What then, you may well ask, are they seeking in our midst? Above all, they want to identify themselves with a universal point of view, a conception of life, which still has permanence and value in a world that has “gone to pot,” and that is threatened by a very real physical dissolution and destruction. The best of this younger generation is coming to us because of the age-old yet ageless yearning for freedom from dogma, because of the instinctive feeling that here one may find a safe retreat for unfettered humaneness, tolerance, and sincerity, in the middle of a world that is torn and shattered by sectarian strife, a world in which even a new “will to believe” is often arrogant and intolerant. They realize with the instinctive certainty of “the chosen,” that right at this time Freemasonry is “real” and “modern,” and that it transforms its adepts into the apprentices of a truly “royal art,” which is more necessary today than ever before.

This younger generation has a very delicate sensitivity, which has been sharpened by its own bitter experiences, for genuine freedom of the spirit. This generation knows only too well, that this freedom is threatened everywhere, in spite of the superficially reassuring guarantee of a democratic but security-minded governmental system. This generation knows that along obscure paths the militia of a medieval persecution is on the march again.

These young Freemasons take the universal character of our fraternity more seriously than many of their elders. Room on earth has become quite narrow for them; its boundaries are in doubt. The urge to expand their horizons, after years of restriction and of spiritual and political autarchy, is greater than ever. The search for international agreements, contacts, and covenants is stronger and more positive. To forge a chain of worldwide brotherhood is no empty symbol for these younger men; they regard it as a concrete assignment, a positive mission. And it is just in this area that they are frequently and painfully surprised by the failures and procrastination of earlier generations of Freemasons.

The journalist Eugen Kogon some time ago demanded “the establishment of an organization spanning the entire world, which will permit mankind to develop in freedom, dignity, safety, and well-being.” With these words he spoke the deepest aspirations of many young men. Therefore, we ask in all humility: “Hasn’t such an organization been in existence for almost two and a half centuries? Isn’t the chain of worldwide brotherhood exactly what Kogon regards as necessary, an organization spanning the globe, which strives to create freedom, human dignity, tolerance, and brotherhood across the oceans and the continents?”

We dare not show these young Freemasons any “realistic” or “modern” goals. We may not create for them, either, a Freemasonry limited to a particular era. They simply don’t want to be talked to in any special way. They have a remarkably sensitive organ for understanding the active forces of our royal art, those genuine forces of the spirit that are independent of either time or place. “Freemasonry has always existed,” and in every age it has helped to solve particular problems, which originated in the political, social, spiritual, and cultural conditions of that day.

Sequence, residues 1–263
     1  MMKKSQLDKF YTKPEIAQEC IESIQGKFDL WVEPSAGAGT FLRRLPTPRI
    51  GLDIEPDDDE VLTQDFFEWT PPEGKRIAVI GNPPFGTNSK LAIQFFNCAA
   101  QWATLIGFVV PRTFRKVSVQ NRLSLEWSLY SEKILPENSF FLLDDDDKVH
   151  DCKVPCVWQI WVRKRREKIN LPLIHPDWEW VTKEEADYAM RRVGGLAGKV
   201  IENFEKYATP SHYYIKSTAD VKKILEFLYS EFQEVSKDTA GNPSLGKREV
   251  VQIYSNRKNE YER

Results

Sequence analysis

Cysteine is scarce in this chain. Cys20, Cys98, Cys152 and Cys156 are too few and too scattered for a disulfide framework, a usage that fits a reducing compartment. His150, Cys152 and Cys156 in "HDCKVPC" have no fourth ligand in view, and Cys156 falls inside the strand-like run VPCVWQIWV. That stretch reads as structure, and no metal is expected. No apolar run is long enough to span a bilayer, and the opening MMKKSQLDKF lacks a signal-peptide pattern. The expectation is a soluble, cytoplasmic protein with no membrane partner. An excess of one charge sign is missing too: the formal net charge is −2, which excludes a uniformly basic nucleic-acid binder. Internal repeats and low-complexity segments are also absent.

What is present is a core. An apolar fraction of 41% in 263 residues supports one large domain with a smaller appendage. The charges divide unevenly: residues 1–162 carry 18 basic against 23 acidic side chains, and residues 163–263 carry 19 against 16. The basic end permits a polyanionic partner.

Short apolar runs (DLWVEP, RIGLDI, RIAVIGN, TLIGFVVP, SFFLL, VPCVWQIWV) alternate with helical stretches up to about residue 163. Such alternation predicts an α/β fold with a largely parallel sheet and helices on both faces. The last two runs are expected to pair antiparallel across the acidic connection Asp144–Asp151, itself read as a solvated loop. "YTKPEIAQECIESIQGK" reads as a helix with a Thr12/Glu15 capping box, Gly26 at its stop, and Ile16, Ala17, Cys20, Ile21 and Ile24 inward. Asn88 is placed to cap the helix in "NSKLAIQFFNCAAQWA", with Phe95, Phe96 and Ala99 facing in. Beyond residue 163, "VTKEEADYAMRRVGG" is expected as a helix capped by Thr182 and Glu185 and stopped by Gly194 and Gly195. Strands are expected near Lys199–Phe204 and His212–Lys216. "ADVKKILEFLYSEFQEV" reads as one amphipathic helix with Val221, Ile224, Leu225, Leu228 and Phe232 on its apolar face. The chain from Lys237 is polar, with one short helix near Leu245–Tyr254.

And so it is even today. Problems framed by our world situation are plentiful enough, and we don’t have to push our younger brothers into them. They know what Goethe meant, when by “duty” he tried to suggest “fulfilling the requirements of the day,” and that for the best men in any age there was enough to do, “to have lived for all ages.”

These young Freemasons stand squarely in the middle of these times, without permitting themselves to be ruled by them. They stand in the midst of life, without losing a taste for higher aspirations. They say “Yes” to life deliberately — let it be what it will. They acknowledge their indebtedness to Hegel’s philosophy, as it has been newly interpreted by the Viennese cultural philosopher, Friedrich Heer, with its exciting “existentialism”: a philosophy of self-confidence, and a philosophy of fundamental trust in the ultimately beneficent meaning of all things and all events.

This does not denote a glib opportunism or a harsh materialism, and most certainly not a cold atheism. These young men feel themselves akin to Hegel in refusing to accept that abysmal gulf, which is so fateful to German thinking, between matter and spirit, reason and faith, “I” and the group, heart and mind, God and the world.

With Hegel they trust in God, Spirit, Reason, and in spite of everything — Man! With Hegel they arm themselves against the inquisitors, who like Dante regard themselves as qualified to condemn others to hell.

With Hegel and Goethe they know that God, like Nature, dispenses “good” and “bad,” and that man, in the beautiful words of Brother Ruckert, can find God only when “he carries Him within himself.”

And with Hegel our young men rise up against the great purveyors of fear, who from Augustine down through the Reformation and even to Kierkegaard, have plunged mankind into useless mortification and self-abasement, because of a supernaturally frightening concept of God, before whom man must grovel like a worm in the dust.

The links in the chain of worldwide brotherhood are forged by sons of God, by men, and not by worms! This our younger men know; this they want to do!

The Masonic Service Association of North America